“Looks like you thought wrong.” Planting my fists on my hips, my arms bowed out like the handles on a cooking pot, I bestowed him with a watery smile. “This is a little out of my area of expertise, Jinn, so help me out here. I thought genies were supposed to be spirits of free will made from pure energy. How could someone kill you?”
“Well, I’d have to be a sila, a shape shifter, but Jinn in human form are, well, human. They can be injured or killed like anyone else.” He looked down at his abs, a puzzled frown on his gorgeous face. “Ah, there it is.”
“There what is?” I inched closer to get a better look at his ribs. The man…well, the dream man…was totally ripped. Yum. My insides turned mushy with desire, a sensation I hadn’t experienced in a long time.
Of course, he couldn’t be real. In my experience, real people didn’t pop out of bottles or materialize from smoke. Only imaginary beings did that. Besides, human men never looked like this. Not up close and personal.
Maybe I’d been drinking and just didn’t remember. I couldn’t help wondering what else I — we — might have been doing.
“The scar. Right there.” He took my hand and pressed it to his side.
The touch of his flesh against my palm sent an unexpected shock of need — and surprise — rippling through my body. Warm flesh, real skin. He was not a figment of my overactive imagination.
I pulled away and put some space between us.
“Oh, yeah. I see it now. I hadn’t noticed.” Actually, my gaze had wandered southward, but now that I’d forced my eyes up and turned my attention to his abdomen, I saw the scar…a good eight inches long and nasty looking. At least, it had been. I could easily imagine someone dying from a wound like that, even in this age of modern medicine. And he’d said millennium. “So, what happened?”
“The husband was drunk and irrational, you understand. There was no reason for him to be jealous and —”
Apparently, males hadn’t changed over the millennium. “I asked you what happened, not why?”
I rest my case. “Whatever. It doesn’t matter, as long as you can still grant my wish?”
Oh, man. Now, he said the word as though he’d never heard it before. Just my luck. I finally get a genie, and he’s one who’s been out of commission for way too long.
“You know. Aren’t genies in bottles supposed to grant the wishes to those who free them. Like, I’m your master until you do.”
“My master? Hmm.” Jinn compressed his lips thoughtfully, as though he rather liked the idea. I didn’t miss the slight tweak at the corner of his mouth. “I don’t know if I can grant wishes anymore. It’s been a long time. I feel the force within me, but I’d have to experiment to find out for sure. Do you want me to try?”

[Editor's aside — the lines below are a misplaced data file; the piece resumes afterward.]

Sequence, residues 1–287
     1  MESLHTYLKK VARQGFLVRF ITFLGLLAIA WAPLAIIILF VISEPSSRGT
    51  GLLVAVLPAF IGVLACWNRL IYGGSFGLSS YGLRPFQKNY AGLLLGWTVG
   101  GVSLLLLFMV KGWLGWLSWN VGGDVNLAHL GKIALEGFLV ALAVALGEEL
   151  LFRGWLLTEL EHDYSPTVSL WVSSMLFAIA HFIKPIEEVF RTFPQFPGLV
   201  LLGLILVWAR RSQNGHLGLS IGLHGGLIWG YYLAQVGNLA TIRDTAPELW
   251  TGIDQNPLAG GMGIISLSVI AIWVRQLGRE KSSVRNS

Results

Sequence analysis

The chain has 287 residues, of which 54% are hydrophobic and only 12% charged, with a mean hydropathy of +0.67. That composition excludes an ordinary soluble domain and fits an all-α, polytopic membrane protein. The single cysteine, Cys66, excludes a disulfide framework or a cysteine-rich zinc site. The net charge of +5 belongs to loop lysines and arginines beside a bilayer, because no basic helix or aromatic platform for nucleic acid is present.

I forced a smile and gritted my teeth. “Can you do it without my input?”
Just in case he could, I didn’t want to waste a perfectly good wish on an experiment.
Not that I would ask for much. One wish would be good enough. Just a job that I liked in my field of expertise. One that paid enough for me to afford to live in my condo…and maybe he’d throw in an honest employer who wasn’t stealing from his own company and forcing it into bankruptcy. That wouldn’t be too hard, even for a rusty genie, would it?
He shook his head ruefully. “I’m not sure that will work. I’ve been out of action for at least three thousand years. My power levels need re-energizing.”
A tremor slithered along my arms and down my torso. “What does it take to —”
In an instant, so fast I didn’t see him move, he hovered over me, his arm draped around my waist and his face bent over mine. His scent of exotic spices and male pheromones flooded though my pores like a drug.
Overwhelmed by nearly forgotten desires, fire stirred at my core. My pulse raced. My mind ordered me to pull away. My body fought against the mental reaction to terminate contact, against the fear of being close to someone again.
But this isn’t real, my body argued with my intellect. It’s your imagination, a hallucination. A dream can’t hurt you. Why not enjoy the fantasy?
Why not? With a moan, I leaned into him and snaked my arms around his neck, pulling his lips down to mine. Warm, firm, gentle, yet demanding. When his tongue pressed for entrance, a wave of abandon rushed over me and I opened my mouth. Rational thought departed. He tasted of exotic spices, of clean air and fresh earth and sea breeze. In that tender moment, I knew he would never hurt or deny me. He tasted of home and heaven. He tasted of forever.
His hand moved lower to the base of my spine and cupped my buttocks, drawing me tight against him, his hard thickness pressing against my belly.
He groaned with pleasure. “My Mona. My wish. I have found you at last.”
He eased his hold and seemed to study my face, assessing the sincerity of my plea, his eyes blazing with the same desire burning inside me. Then he swept me off my feet and carried me down the hall, nuzzling my neck and covering my mouth with ravenous kisses.
In the bedroom, he placed me on the bed and settled his body half over mine, aligning our hips, pressing his hardness into my thighs.
I tried to sift my fingers through his hair and dislodged the turban. “Will you take this off?”